BE: It doesn't bother you that the Zapatistas are violent -- that their movement started with guns?
JB: The question is: If what we're experiencing is the baby steps of a global revolution against corporate greed and unmitigated corporate power, can it be peaceful? I'm for nonviolence training and a peaceful movement here in the United States. I am working for a movement of protesters that can confront corporate power in a meaningful, deliberate way without taking up arms.
BE: Yet, on one level, violence is unavoidable. All revolutions to date have been militarized and what that leads to is hierarchy. No one's fought a non-hierarchical war. Revolutions tends to lead to hierarchy and then youre stuck with it: swaggering men in fatigues. Look at the Sandanistas. We also have to realize that some people are so pissed off -- the Maya Indians -- that they are going to take up guns and we're going to have to think through that real hard and be respectful. But I'm sure your generation is never going to get into glamorizing the revolutionary violence as many did in my day. The other thing, though, is that pacifists can be more peaceable because corporations are not quite as well armed as nation states. There are many things you can do about corporations. We have consumer power. We have workers inside them. We have so many kinds of access to corporation that we don't have to the nation state.
Can a large group of people really be mobilized to protest corporate power?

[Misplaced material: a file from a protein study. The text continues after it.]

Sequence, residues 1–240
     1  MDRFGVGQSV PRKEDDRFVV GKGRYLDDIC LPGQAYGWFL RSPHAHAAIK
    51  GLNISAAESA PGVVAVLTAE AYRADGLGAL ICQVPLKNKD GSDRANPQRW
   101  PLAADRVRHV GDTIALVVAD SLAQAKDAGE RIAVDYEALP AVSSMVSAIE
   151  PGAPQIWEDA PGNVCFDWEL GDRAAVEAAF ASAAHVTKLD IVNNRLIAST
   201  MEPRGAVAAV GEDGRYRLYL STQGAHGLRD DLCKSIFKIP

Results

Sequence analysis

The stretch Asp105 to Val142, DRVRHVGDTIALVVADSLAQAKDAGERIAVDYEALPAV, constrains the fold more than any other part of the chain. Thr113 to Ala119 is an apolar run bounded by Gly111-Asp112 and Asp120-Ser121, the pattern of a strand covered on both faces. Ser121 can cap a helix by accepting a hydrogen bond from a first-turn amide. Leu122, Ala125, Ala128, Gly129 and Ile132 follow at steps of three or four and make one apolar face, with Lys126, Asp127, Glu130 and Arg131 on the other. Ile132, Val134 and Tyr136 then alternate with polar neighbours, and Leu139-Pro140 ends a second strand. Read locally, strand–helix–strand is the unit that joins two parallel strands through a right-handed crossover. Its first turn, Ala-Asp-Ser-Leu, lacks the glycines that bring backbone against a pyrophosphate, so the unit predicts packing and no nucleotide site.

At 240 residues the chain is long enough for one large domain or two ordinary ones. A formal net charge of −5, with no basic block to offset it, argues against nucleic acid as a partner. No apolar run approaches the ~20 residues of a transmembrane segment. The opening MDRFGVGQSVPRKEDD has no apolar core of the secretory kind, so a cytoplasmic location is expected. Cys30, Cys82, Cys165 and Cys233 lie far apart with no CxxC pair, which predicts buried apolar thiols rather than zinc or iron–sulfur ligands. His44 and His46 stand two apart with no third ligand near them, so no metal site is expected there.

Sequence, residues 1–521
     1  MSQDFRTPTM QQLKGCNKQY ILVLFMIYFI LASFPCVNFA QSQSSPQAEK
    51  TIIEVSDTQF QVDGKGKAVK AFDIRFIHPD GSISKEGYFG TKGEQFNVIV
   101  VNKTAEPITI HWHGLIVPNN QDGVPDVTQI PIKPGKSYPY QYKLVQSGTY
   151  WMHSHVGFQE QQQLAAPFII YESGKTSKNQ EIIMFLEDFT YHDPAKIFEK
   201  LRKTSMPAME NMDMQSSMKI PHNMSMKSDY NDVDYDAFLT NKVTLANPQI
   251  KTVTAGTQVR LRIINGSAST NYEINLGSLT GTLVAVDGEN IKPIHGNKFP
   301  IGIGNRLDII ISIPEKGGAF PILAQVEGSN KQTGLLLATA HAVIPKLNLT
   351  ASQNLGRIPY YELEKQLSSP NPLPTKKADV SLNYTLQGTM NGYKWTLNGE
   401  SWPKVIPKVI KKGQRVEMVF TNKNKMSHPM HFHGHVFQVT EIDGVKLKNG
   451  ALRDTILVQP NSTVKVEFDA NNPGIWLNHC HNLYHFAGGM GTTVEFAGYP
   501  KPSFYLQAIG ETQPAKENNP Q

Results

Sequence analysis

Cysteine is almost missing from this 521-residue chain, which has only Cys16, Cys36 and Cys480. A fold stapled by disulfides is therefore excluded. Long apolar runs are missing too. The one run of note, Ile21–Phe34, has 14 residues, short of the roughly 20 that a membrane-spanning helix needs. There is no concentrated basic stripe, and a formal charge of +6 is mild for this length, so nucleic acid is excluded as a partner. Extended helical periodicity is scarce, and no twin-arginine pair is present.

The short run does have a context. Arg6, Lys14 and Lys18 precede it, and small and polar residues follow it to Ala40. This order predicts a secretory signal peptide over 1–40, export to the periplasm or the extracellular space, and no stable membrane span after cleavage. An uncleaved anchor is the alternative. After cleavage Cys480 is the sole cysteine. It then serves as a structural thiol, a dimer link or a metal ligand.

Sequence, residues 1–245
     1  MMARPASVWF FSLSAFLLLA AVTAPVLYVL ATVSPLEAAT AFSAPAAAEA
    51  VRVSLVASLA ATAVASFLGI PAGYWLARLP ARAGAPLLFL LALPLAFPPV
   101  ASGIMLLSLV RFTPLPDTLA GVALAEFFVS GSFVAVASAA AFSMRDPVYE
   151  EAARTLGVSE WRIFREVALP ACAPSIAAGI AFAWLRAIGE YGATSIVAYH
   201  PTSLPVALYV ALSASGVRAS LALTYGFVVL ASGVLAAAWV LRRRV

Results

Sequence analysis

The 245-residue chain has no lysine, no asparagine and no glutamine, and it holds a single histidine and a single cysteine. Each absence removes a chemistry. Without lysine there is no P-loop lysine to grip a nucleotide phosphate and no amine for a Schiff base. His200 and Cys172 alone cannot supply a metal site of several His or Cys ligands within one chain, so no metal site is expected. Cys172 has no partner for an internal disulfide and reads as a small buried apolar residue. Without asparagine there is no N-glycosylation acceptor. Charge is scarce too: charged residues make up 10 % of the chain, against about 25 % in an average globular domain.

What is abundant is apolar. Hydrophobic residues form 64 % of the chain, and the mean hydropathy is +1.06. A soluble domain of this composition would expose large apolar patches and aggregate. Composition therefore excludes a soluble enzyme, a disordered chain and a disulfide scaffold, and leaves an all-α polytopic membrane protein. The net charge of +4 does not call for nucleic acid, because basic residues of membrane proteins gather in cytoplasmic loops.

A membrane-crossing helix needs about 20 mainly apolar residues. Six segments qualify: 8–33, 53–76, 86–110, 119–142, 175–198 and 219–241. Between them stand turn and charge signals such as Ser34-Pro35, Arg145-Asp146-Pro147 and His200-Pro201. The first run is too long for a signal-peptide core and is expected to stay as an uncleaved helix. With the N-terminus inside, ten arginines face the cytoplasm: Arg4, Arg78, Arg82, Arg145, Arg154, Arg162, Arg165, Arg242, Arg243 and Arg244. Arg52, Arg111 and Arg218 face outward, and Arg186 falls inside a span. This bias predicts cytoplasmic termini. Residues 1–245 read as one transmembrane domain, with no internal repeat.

BE: The problem with attacking corporations, however we do it, is that they have such a grip on people's imaginations and fantasies and desires. I think of those beautiful Nike commercials, which are powerful and even feminist. So I wonder how can you go about breaking the imaginative and fantasy grip of a consumer in a corporate consumer culture without looking like sourpusses and anti-aesthetics?
JB: Well, it's actually quite easy to do that because the corporations are so dependent on image and brand name. All you have to do is take the swoosh and put a cross through it and people know what that means in regard to Nike's sweatshop practices. We launched an advertising campaign against the Gap. They have an ad slogan that says "Everybody in Leather," "Everybody in Khakis," etc. So our campaign said, "Everybody in Sweatshops" with a picture of a garment worker underneath. I think we can use corporations' advertising and brand name to turn their tactics on their head and show the darker side of corporate activities. Because they spend so much time on advertising and their image, it makes them very vulnerable.